Before the supervision and treatment law legislation, multi-agency cooperation was quite limited. Each system (the police, the judicial system, risk assessors and the treatment providers) worked mostly on its own. The treatment providers in prison hardly took into account previous treatment that has been done by outside private providers, and therefore created sometimes overtreatment for some offenders while under-treatment for others. To date cooperation has started to appear at the communication level between the different agencies, however contradicting to the statement that treatment would be provided to all, most offenders who deny the offence, part and whole, and/or that do not show motivation for treatment are not incorporated into the treatment system.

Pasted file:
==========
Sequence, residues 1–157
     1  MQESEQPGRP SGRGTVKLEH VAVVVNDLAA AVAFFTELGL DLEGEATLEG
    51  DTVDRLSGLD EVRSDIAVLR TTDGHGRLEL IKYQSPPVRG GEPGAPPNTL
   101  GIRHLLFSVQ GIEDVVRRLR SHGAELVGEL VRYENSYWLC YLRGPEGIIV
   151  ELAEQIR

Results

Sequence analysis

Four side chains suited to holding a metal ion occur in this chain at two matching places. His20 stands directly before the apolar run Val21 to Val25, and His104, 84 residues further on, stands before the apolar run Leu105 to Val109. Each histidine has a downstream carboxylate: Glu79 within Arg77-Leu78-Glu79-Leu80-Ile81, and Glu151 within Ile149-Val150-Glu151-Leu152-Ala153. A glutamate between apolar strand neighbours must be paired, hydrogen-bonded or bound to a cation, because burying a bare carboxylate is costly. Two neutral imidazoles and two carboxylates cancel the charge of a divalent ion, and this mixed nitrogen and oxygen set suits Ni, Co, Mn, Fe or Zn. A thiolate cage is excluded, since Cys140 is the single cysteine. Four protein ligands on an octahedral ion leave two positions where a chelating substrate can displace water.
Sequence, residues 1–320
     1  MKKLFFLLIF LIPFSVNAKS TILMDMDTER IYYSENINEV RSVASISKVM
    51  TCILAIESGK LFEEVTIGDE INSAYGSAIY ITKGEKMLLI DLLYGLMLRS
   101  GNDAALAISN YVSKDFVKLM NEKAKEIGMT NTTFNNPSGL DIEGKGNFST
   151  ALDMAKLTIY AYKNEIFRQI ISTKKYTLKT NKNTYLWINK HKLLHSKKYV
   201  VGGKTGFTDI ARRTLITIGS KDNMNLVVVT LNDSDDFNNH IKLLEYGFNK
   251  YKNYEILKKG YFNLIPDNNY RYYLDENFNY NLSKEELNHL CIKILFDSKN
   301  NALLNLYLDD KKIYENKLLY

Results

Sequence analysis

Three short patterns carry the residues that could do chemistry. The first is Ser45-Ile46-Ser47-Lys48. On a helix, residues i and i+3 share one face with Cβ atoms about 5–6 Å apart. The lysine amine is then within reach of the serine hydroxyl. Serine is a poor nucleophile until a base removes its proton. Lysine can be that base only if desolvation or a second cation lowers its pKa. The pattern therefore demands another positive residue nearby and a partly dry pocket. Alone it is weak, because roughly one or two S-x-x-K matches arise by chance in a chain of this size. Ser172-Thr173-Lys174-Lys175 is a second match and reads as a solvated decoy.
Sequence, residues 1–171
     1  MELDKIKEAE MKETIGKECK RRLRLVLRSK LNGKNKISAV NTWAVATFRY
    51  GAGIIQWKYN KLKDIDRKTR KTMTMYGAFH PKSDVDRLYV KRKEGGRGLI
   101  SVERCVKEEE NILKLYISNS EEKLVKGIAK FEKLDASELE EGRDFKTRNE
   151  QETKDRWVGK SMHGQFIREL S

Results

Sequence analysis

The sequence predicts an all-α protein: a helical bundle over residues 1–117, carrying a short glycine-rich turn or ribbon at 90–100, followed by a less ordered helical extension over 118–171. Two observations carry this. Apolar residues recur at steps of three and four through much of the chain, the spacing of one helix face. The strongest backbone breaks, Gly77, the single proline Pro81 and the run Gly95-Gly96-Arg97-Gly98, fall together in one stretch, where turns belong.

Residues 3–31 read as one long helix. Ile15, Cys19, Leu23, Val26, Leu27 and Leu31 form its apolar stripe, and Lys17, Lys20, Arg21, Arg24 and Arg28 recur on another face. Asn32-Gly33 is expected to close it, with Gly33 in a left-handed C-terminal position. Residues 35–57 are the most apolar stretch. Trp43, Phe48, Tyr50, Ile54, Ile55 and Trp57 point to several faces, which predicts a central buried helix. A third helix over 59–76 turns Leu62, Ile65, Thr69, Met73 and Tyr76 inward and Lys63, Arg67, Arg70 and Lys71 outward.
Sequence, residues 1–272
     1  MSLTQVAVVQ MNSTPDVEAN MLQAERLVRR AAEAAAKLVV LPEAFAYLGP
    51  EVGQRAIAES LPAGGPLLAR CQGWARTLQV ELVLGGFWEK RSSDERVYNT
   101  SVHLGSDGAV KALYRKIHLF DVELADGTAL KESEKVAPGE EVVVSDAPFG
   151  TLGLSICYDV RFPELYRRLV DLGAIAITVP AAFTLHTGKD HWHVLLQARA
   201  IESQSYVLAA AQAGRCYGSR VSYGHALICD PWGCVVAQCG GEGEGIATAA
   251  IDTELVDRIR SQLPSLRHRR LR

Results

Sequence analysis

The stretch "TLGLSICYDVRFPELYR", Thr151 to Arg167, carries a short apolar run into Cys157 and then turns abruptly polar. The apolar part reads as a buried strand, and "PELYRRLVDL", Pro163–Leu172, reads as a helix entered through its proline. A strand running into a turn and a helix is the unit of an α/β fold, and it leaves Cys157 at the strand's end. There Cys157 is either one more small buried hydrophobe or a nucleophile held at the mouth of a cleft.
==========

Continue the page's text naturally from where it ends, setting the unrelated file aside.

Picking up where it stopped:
In summary, Israel's public opinion and professionals have a lot of impact on legislation that deal with sexual offending and implementation of laws that aim to protect the public from sexual offences. Since the supervision and treatment law has been implemented, considerable progress has been made in the areas of sexual risk assessment and treatment. However, a lot of progress is still needed; mainly making risk assessments more evidence based and specific for the Israeli diverse population and expanding the amount of sex offenders that receive treatment.

References

  1. Israel bureau of statistics (2018). 2017 Statistical Yearbook, Chapter 8 Crime and Justice, pp.109-118. Accessed on the 10th August 2018 from  www.cbs.gov.il/shnaton68/np8.pdf